Postgraduate Course: Human Cognition: Science and Application to Society (PPLS11002)
|School||School of Philosophy, Psychology and Language Sciences
||College||College of Humanities and Social Science
|Credit level (Normal year taken)||SCQF Level 11 (Postgraduate)
||Availability||Not available to visiting students
|Summary||The course will cover example areas, including case studies, of research on human cognition that have and are leading to applications in different areas of society, and where applications have led to advances in science.
Research on human cognition often remains within the academic community and its goals often reflect pursuits of knowledge over societal application. However, a number of findings and developments in the study of cognition have been applied to address challenges in society and it is worth thinking about how such insights about what it means to be human can bridge the gap between academia and society. This course reviews a number of cognitive insights and the real-life implications they have for scenarios that involve, for example, decision making or social inequality or linguistic interpretation.
Entry Requirements (not applicable to Visiting Students)
||Other requirements|| None
Course Delivery Information
|Academic year 2017/18, Not available to visiting students (SS1)
|Learning and Teaching activities (Further Info)
Lecture Hours 22,
Programme Level Learning and Teaching Hours 2,
Directed Learning and Independent Learning Hours
|Assessment (Further Info)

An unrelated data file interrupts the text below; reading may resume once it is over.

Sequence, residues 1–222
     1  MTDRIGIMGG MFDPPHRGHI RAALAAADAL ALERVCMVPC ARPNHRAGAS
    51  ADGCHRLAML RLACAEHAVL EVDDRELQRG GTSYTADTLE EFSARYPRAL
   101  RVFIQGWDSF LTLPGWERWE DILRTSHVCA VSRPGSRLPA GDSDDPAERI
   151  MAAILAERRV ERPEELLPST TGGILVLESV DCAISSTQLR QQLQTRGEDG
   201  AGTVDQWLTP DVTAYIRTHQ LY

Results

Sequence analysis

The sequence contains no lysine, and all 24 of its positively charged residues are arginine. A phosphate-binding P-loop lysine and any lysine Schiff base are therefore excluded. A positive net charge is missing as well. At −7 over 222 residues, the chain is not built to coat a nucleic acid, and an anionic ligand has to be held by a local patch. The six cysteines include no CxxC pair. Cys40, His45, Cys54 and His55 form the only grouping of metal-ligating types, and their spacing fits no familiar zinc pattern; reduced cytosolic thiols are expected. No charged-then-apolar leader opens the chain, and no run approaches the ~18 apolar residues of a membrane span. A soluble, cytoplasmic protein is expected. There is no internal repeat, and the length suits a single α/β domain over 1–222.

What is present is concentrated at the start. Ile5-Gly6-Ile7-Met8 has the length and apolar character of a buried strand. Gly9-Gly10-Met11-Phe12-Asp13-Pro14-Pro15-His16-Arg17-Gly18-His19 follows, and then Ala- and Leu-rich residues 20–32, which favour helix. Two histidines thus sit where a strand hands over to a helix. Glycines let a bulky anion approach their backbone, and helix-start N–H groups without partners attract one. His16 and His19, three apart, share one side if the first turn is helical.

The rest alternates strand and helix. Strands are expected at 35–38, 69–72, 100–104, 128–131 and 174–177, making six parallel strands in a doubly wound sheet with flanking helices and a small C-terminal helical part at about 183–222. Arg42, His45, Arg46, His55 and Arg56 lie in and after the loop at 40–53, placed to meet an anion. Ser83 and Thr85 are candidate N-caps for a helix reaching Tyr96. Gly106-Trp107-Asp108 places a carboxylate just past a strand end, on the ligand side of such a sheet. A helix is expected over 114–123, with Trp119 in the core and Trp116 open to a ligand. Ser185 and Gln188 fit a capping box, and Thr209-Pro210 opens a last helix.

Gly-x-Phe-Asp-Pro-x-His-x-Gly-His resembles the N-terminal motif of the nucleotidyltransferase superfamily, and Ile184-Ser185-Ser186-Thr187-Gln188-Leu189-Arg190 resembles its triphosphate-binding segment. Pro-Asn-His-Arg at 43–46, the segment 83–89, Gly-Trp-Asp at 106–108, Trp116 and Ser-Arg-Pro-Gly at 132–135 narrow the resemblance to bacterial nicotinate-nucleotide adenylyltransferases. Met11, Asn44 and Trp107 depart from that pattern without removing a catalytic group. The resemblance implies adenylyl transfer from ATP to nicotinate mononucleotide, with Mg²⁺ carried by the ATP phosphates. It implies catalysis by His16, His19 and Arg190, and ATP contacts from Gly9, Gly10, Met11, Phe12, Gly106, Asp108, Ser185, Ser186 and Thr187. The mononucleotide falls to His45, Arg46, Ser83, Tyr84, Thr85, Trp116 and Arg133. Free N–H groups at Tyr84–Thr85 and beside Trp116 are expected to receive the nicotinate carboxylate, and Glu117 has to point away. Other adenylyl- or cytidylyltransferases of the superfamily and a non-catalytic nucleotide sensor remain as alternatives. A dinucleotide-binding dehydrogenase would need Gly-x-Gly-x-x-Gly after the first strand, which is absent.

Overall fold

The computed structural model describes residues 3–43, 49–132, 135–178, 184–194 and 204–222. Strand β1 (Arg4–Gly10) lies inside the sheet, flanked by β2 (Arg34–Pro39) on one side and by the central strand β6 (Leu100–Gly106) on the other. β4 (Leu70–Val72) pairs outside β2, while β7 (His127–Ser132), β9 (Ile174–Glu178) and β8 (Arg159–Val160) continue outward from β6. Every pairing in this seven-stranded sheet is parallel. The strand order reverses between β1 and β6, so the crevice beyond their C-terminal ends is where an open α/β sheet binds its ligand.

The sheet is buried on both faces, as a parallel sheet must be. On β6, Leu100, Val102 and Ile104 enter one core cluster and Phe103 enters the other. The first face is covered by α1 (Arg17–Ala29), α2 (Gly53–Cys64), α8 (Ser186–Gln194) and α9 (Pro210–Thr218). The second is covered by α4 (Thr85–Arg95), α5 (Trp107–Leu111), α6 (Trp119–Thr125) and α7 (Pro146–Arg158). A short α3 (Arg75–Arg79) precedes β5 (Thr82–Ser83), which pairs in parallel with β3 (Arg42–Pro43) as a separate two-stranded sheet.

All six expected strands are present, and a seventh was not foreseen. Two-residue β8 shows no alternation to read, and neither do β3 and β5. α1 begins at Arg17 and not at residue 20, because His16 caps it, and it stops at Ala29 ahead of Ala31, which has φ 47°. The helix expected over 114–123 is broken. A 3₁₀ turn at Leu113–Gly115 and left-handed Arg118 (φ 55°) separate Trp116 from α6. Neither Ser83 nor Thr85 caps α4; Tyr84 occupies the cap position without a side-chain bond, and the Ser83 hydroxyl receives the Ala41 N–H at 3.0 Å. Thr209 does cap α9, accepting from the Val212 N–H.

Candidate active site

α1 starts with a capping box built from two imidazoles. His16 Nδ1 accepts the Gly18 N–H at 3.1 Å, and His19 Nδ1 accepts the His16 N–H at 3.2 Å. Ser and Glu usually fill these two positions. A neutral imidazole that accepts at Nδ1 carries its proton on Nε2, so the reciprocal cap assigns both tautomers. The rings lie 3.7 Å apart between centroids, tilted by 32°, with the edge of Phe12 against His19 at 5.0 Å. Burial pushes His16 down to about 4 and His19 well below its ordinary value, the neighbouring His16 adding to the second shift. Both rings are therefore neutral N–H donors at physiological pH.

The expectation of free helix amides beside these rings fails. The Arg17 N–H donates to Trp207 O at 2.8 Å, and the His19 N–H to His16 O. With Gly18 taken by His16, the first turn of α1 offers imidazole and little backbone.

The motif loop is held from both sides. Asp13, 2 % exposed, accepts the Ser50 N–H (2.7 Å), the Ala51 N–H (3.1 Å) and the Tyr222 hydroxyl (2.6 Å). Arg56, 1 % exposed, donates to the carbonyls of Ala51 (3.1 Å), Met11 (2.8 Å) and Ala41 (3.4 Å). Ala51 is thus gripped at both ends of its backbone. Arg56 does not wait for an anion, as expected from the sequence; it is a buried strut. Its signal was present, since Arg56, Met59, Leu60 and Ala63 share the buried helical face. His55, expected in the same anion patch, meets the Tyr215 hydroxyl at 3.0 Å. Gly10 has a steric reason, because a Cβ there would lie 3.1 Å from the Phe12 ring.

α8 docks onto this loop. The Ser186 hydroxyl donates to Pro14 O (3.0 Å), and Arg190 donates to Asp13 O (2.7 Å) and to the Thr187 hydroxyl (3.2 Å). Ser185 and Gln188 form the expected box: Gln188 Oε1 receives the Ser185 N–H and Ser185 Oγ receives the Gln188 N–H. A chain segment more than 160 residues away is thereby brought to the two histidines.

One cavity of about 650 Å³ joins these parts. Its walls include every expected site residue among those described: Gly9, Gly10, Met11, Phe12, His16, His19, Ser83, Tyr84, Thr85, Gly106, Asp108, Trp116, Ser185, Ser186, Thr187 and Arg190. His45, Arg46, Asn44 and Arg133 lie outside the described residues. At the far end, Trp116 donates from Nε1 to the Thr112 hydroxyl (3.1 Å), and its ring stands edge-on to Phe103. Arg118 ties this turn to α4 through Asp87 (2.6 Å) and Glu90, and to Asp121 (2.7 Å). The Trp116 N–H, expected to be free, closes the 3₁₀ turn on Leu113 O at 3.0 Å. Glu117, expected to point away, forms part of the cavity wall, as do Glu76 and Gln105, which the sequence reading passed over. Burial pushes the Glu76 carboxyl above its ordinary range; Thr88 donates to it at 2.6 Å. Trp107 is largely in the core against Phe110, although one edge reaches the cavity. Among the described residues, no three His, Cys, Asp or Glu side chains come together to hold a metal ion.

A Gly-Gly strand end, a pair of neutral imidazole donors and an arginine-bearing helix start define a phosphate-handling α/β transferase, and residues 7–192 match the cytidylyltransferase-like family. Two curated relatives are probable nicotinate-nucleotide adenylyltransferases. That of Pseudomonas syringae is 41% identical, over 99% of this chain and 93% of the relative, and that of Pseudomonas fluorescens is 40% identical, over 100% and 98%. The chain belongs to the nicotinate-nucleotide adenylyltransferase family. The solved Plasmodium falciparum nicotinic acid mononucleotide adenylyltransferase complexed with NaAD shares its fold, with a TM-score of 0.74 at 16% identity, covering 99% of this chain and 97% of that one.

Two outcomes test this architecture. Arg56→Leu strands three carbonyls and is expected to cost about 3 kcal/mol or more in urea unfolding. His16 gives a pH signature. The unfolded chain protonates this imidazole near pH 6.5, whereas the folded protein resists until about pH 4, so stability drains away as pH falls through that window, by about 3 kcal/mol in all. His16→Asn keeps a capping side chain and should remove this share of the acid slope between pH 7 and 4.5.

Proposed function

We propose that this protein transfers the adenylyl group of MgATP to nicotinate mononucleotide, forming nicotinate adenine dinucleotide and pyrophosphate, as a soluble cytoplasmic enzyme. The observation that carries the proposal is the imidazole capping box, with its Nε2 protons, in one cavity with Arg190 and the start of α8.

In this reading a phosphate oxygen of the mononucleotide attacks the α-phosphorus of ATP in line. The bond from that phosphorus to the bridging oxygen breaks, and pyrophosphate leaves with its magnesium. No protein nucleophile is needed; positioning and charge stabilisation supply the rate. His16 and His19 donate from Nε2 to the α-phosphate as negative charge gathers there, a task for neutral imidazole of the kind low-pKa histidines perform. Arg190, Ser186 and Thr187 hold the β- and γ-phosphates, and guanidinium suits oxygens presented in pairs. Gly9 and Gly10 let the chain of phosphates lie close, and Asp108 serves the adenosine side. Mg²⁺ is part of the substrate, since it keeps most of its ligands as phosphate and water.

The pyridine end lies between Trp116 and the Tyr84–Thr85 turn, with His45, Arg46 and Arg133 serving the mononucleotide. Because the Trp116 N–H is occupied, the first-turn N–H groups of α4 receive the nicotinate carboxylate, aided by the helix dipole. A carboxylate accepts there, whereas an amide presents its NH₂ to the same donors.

|Additional Information (Assessment)
||5 weekly assignments (each one contributes 20% to total mark)
||Students will receive feedback for every week's assignment and will be able to adjust their subsequent assignments accordingly.
A portion of the lecture in week 2 or 3 will be used to discuss the marked assignments up to that point in the course, giving students the option therefore of taking that feedback and using it to improve their remaining assignments.
|No Exam Information
On completion of this course, the student will be able to:
- discuss specific cognitive models and experimental results as they apply to specific societal scenarios
- appreciate the role of experimentation in the study of scientific research within society
|Graduate Attributes and Skills
|| - Engage critically with primary research literature
- Compose an argument supported by experimental evidence
- Extend analysis tools to new domains
|Additional Class Delivery Information
||Attend all lectures as scheduled.
|Course organiser||Dr Hannah Rohde
Tel: (0131 6)50 6802
|Course secretary||Miss Toni Noble
Tel: (0131 6)51 3188